Kenkeremath, D. (ed.)

1985-05-01T23:59:59.000Z

84

High-resolution seismic studies applied to injected geothermal fluids  

DOE Green Energy (OSTI)

The application of high-resolution microseismicity studies to the problem of monitoring injected fluids is one component of the Geothermal Injection Monitoring Project at LLNL. The evaluation of microseismicity includes the development of field techniques, and the acquisition and processing of events during the initial development of a geothermal field. To achieve a specific detection threshold and location precision, design criteria are presented for seismic networks. An analysis of a small swarm near Mammoth Lakes, California, demonstrates these relationships and the usefulness of high-resolution seismic studies. A small network is currently monitoring the Mammoth-Pacific geothermal power plant at Casa Diablo as it begins production.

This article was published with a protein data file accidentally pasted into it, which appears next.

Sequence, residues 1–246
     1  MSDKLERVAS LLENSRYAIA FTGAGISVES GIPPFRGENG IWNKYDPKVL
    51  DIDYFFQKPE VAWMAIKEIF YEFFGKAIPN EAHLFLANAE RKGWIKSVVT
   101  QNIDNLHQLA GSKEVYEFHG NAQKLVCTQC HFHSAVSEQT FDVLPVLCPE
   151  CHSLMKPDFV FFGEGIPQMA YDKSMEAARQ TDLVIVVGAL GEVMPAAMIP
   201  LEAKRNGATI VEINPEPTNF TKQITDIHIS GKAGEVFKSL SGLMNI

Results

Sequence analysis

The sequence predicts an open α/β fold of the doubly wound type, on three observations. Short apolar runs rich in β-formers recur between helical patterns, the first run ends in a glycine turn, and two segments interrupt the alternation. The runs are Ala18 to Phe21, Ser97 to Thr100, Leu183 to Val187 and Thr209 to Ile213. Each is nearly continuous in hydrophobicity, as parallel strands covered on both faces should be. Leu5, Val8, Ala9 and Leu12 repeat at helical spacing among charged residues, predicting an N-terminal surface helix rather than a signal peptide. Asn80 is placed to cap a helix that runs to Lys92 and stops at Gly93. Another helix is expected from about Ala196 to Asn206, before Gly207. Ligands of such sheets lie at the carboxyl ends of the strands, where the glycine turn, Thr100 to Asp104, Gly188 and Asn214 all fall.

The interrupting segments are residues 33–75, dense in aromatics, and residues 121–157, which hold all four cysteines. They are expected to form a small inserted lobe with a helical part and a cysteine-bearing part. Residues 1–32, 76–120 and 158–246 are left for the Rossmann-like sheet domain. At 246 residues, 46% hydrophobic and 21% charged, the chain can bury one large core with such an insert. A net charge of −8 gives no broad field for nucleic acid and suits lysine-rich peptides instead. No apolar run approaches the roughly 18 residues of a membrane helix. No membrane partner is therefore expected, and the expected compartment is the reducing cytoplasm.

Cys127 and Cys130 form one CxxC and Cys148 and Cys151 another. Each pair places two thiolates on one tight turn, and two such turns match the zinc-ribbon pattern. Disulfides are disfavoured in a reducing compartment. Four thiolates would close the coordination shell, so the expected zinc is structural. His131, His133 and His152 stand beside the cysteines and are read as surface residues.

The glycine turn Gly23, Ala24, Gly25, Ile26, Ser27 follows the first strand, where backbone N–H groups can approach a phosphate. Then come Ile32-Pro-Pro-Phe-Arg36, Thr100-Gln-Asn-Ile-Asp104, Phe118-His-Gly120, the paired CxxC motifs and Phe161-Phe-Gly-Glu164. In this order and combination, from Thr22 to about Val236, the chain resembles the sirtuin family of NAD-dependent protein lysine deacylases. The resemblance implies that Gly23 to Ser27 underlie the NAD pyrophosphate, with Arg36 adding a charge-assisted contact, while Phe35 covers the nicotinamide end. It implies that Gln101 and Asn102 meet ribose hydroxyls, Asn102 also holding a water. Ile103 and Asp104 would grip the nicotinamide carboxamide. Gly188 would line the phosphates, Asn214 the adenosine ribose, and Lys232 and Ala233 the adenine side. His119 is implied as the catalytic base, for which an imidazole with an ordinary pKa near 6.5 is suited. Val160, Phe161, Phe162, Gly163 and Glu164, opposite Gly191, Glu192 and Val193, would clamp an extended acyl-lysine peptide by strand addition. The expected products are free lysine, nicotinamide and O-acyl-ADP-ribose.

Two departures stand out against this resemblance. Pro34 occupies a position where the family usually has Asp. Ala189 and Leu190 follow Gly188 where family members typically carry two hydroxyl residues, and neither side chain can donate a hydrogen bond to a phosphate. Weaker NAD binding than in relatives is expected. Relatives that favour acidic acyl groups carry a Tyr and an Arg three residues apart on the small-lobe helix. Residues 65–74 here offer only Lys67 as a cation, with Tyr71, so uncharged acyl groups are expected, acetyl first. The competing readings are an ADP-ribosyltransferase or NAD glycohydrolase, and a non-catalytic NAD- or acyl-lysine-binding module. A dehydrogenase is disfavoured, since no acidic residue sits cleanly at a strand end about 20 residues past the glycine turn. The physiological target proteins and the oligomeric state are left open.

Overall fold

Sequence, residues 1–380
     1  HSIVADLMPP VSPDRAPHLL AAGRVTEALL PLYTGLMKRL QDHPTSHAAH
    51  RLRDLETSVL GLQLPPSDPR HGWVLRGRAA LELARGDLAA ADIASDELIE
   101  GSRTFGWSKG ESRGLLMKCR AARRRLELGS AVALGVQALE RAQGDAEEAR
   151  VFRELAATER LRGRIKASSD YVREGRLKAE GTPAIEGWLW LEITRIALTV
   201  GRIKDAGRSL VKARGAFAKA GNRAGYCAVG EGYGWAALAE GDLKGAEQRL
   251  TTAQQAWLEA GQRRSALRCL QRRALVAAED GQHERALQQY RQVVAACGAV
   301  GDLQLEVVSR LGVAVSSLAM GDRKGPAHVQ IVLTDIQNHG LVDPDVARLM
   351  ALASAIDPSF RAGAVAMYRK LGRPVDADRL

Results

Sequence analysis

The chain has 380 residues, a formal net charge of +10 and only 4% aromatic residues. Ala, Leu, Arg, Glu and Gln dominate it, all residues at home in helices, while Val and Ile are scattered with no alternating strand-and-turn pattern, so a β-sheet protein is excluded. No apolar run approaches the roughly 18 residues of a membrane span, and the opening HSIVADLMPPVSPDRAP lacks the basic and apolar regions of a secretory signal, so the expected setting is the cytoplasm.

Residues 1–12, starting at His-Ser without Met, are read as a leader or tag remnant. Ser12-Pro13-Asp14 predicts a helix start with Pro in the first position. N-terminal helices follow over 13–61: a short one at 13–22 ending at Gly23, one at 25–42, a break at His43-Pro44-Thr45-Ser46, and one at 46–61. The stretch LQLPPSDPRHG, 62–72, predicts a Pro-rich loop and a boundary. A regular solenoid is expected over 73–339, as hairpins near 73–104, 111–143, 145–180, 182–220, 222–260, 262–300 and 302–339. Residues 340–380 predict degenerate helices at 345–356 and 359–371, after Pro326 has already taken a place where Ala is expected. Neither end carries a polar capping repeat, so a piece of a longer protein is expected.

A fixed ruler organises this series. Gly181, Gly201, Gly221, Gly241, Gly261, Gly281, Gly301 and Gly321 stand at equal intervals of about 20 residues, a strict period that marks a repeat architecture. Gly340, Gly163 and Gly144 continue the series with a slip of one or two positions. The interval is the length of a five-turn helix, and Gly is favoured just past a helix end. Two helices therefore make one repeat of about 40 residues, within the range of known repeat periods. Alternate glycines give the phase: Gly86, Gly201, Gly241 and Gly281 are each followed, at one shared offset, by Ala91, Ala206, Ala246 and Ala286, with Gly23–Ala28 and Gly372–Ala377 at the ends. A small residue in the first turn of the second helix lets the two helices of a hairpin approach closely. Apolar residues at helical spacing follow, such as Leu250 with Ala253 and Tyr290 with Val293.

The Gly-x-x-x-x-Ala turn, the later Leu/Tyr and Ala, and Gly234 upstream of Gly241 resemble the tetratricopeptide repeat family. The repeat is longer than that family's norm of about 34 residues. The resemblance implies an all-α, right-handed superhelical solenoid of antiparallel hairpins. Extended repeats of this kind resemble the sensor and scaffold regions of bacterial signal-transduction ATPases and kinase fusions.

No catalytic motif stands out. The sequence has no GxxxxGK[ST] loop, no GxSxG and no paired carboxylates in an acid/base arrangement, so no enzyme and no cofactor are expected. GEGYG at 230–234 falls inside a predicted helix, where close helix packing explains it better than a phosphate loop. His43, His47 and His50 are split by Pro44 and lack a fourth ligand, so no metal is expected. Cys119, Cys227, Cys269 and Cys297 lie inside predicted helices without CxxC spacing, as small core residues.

Smith, A.T.; Kasameyer, P.

1985-01-01T23:59:59.000Z

85

MODELING SUBSIDENCE DUE TO GEOTHERMAL FLUID PRODUCTION  

E-Print Network (OSTI)

pore-water pressures , subsidence. DISCLAIMER NeiIher ( h ehere," do not MODELING SUBSIDENCE DUE T GEOTHERMAL FLUIDSecond Syhposium on Land Subsidence 1976 a t Anaheim, I n t

Lippmann, M.J.

2011-01-01T23:59:59.000Z

86

THE DEFINITION OF ENGINEERING DEVELOPMENT AND RESEARCH PROBLEMS RELATING TO THE USE OF GEOTHERMAL FLUIDS FOR ELECTRIC POWER GENERATION AND NONELECTRIC HEATING  

E-Print Network (OSTI)

Williams, Assessment of Geothermal Resources of the UnitedActivity coefficients i.n geothermal solutions J. L. Haas R.REPORT CHARACTERIZATION OF GEOTHERMAL FLUIDS A. Geothermal

Apps, J.A.

2011-01-01T23:59:59.000Z

87

Working Fluids and Their Effect on Geothermal Turbines Geothermal...